: The attributes will be the models mentioned before. But which models and how many? We have develop a program built with 30 models based on different philosophies which quantify different aspects which lead us to a position (-1, 0 or 1) in the market. These models are assumed to be independent. Therefore, we will have 30 different positions in each day.__Attributes A___{j}__Variable C__**:**This variable has to be estimated carefully. We want a measure to predict trends because today we don’t know which trend we are living. We are going to make predictions by using a window of historical data and the “real values” of variable C (**Upward**,**Downward**,**Ranged****Market**) in the window have been collected using an algorithm which works with future information, so every day, when we estimate probabilities, we have to delete the part of information “advanced” (unknown at the time). This means that every day we have a dynamic historical window which length depends on the information we have to throw out in order to make fair estimations.If we have today a new 30-tuple of positions of our attributes (models) and the tuple shows k different values (k<=3 because possible values are -1, 0 or 1), we have to estimate every day next probabilities__Which probabilities do we have to estimate?__**for each class i**(i=**Upward**,**Downward**or**Ranged****Market**) observed:

These probabilities are simply estimated by counting the correspondent frequencies in the historic window.

for each class que calculateand the class that show the maximum value will constitute our bet, this means, our prediction.__And, finally…__

We have apply this to guess the trends of the stock Google Inc from October of 2006 and the results look like this, much better than we expected:

We can have a quick look and notice that some downward trends have been predicted as upward but although **we are not magicians**, the predictions obtained should not be disregarded. We cannot throw away the idea of using this method yet because the coincidence of the prediction based on future information is around 51% value, which is not an insignificant result since this application is not cheating as the other method does.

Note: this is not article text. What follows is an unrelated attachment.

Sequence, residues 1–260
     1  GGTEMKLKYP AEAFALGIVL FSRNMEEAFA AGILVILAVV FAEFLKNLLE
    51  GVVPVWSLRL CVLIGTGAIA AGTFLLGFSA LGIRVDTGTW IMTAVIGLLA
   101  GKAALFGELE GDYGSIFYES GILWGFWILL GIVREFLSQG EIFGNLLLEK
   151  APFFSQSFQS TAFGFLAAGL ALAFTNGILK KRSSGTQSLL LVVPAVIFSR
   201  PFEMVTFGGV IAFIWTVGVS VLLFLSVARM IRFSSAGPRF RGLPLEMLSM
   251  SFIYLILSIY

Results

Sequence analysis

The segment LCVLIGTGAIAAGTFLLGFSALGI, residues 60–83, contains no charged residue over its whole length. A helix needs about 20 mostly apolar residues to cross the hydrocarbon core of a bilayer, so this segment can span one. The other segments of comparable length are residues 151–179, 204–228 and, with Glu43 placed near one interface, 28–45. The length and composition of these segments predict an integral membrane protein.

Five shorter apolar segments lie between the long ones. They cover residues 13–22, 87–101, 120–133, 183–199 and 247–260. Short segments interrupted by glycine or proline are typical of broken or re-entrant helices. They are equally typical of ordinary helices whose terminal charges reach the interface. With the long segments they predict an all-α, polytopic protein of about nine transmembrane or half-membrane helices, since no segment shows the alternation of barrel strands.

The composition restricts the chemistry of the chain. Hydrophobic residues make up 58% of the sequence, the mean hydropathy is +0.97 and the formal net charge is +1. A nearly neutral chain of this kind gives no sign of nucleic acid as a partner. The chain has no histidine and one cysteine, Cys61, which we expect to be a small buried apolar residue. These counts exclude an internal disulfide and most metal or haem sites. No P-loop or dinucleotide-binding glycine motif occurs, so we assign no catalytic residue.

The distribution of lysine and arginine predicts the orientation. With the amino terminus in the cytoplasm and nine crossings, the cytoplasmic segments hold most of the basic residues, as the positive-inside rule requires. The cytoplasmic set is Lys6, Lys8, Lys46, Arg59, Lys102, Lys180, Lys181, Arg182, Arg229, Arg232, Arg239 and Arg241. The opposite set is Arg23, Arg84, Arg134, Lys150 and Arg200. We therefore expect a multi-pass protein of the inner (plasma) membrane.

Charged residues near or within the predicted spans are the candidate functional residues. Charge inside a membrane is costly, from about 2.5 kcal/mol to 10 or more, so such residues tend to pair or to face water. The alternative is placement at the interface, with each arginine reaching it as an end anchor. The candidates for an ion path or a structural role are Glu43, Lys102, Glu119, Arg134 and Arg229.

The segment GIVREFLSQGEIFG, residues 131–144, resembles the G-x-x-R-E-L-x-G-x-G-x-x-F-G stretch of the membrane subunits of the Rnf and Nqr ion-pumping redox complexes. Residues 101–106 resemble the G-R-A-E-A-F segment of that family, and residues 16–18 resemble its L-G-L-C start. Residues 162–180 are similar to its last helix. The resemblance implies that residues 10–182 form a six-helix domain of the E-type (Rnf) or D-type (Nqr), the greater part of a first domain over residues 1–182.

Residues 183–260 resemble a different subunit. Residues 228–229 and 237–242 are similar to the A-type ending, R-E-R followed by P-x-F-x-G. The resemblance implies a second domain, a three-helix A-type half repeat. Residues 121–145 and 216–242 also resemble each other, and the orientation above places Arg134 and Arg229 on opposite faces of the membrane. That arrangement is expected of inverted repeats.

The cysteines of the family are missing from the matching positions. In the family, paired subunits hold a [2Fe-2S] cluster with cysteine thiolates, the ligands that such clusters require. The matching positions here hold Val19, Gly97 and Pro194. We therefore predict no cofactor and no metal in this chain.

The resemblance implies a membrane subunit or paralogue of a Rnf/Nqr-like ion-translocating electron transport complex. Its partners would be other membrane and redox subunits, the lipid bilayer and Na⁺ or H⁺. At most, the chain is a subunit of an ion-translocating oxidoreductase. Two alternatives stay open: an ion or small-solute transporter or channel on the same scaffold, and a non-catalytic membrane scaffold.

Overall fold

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Congrats! We really think that Attributes Aj are the key to not falling into a curse GIGO

Thanks for your comment and for showing interest.

I have classified the price movement using an own algorithm based on the serie seen a posteriori as I have indicated in the post. The key is to use this tool without taking into account the part of information that could be unknown at this moment.

[…] Sir Bayes: all but not na ve! [Quant Dare] Is it possible to classify and predict (yes, predict!) if market trends will be bullish, bear or ranged by using a method called nave and based on something as simple as Bayes theorem is? Lets see! Predicting trends with nave Bayesian classifier Our main objective is to explore techniques of machine learning that can help us not only to label series in a posteriori analysis, but […]

Thanks for the post. Very informative to someone who has never dealt with Machine learning.

Could you please share your thoughts on how you classified the price movement into Upward, Downward and Ranged Market?